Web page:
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We have officially walked into a new year, and of course with a lot of anticipation on the future, therefore, I find it imperative that we seek to establish means for young people to be integrated towards poverty eradication.

It is no secret that Eswatini is a developing country and poverty continues to increase. When going through social media, one of the beautiful things that have come out is the active participation of young people in helping the needy. This is a beautiful plant that has sprouted within our society; by bringing forth an engaged youth who want to actively be a part of the solution.

While looking for someone to put together a piece for furniture for me, I decided to peruse through the ‘Eswatini marketplace’ page – my go to for any service I am not sure where to locate within the country – in search for someone or company working on fittings and furniture. To my spontaneity I was taken by every small and business there. I took my time to look at each page as I scrolled through, liking and following proudly; because how can it not be great that emaSwati are creating magic?

A majority of the ads were from businesses owned by young people; some even juggling school and business at a go. It was like looking into a mirror of Eswatini, a country filled with dreams and individuals who have become familiar with themselves and their goals. It was impressive to see how neat and clean each page was, detailed and displaying management and ethical skill-sets.


This highlighted the remarkable standing of our youth as a country and the ability they possess to contribute towards economic and skills development. Therefore, government has a duty to meet the youth halfway by creating platforms and opportunities for their businesses. The identified problem is that there is a huge gap in the system, which initiatives such as JA (Junior Achievement) have tried to fill, however, more needs to be done. Firstly, by understanding the concept of evolution and the pivotal role that young people play as times change; that the growth itself of society can no longer be understood through the same lenses but one must be able to accept and put on millennial specs.

For security purposes, it is understandable why funding is made easier for the working class and the better off financially, however, this is also a barrier for young people. It is imperative to note that the standards for capital support in institutions – even government institutions – are education based, which is a fundamental flaw for growth itself. This is to say that if the purpose of these funding opportunities and start-up capital opportunities is to create employment, then should they not be structured in such a way that they are as accessible to the uneducated and poor as they are to the better off?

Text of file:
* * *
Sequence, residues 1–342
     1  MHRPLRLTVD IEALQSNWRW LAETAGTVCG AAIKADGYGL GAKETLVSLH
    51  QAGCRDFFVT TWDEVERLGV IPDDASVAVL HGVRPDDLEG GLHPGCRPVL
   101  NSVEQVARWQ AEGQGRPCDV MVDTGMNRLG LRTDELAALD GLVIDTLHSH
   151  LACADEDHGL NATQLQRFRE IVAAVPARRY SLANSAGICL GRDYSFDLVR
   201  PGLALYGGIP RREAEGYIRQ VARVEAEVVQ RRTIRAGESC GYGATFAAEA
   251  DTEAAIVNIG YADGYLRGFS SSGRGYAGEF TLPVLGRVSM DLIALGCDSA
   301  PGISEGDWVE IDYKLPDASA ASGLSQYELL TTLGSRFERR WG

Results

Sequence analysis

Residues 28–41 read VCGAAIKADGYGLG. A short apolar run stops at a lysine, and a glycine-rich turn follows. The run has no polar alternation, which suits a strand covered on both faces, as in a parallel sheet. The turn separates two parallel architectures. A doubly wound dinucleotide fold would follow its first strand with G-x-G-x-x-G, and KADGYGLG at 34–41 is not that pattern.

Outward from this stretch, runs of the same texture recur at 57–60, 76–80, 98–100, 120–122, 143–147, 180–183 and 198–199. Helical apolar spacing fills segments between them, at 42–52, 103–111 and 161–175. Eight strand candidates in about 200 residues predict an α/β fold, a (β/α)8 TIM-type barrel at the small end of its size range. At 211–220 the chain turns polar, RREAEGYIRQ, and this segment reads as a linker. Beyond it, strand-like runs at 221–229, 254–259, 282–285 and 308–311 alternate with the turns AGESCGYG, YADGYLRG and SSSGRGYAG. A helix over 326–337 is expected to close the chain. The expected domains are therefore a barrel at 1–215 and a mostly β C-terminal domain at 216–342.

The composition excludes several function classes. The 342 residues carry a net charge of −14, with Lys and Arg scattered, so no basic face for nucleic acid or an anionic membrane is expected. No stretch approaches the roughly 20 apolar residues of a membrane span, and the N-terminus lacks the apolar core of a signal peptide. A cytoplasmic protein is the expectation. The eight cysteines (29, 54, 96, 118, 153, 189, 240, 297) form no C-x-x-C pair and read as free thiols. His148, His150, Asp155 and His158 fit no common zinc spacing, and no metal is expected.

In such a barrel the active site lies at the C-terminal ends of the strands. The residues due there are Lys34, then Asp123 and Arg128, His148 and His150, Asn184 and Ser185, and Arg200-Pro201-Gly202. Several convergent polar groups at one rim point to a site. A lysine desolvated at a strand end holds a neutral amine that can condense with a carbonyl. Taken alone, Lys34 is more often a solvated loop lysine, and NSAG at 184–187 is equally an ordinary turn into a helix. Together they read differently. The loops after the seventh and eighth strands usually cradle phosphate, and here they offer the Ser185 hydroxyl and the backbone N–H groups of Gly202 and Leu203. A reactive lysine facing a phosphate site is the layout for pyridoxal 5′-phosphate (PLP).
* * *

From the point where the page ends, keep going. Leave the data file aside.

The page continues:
While we can certainly argue on the basis of security for the institution, this is merely a symptom of poor thinking and lack of innovation within institutions, because such implementations can be afforded in a manner that protects and ensures success and profitability through funding business ideas from uneducated minorities and young scholars. This continues to drive the philosophy that intelligence can only be achieved through education and that education guarantees intelligence, which are both incorrect.

The youth has proven this to be true, that success cannot be weighed through education or employment, and that the reason one seeks for capital funding is because they do not have a job or do not have a job that affords them the necessary capital and so why are the requirements catered to act as a reserve for the well off and not as opportunities for those who actually need them.

Young people are in need of institutions that provide information. It should not be an issue of education and assets as perquisites, but of information and grooming. If institutions can be innovative enough to help young people with the information and growth to progress, that means providing training for young people who have skills based businesses such as how to write a business plan and guidance from government paid mentors, to help with the step by step basics on how young people can develop their brands, how to market their businesses and most of all, among other things, how to get funding for their businesses to grow and create more employment opportunities. Such innovative ideas and platforms will enable young people to better partake in the economic development of the country and be financial contributors within their families.

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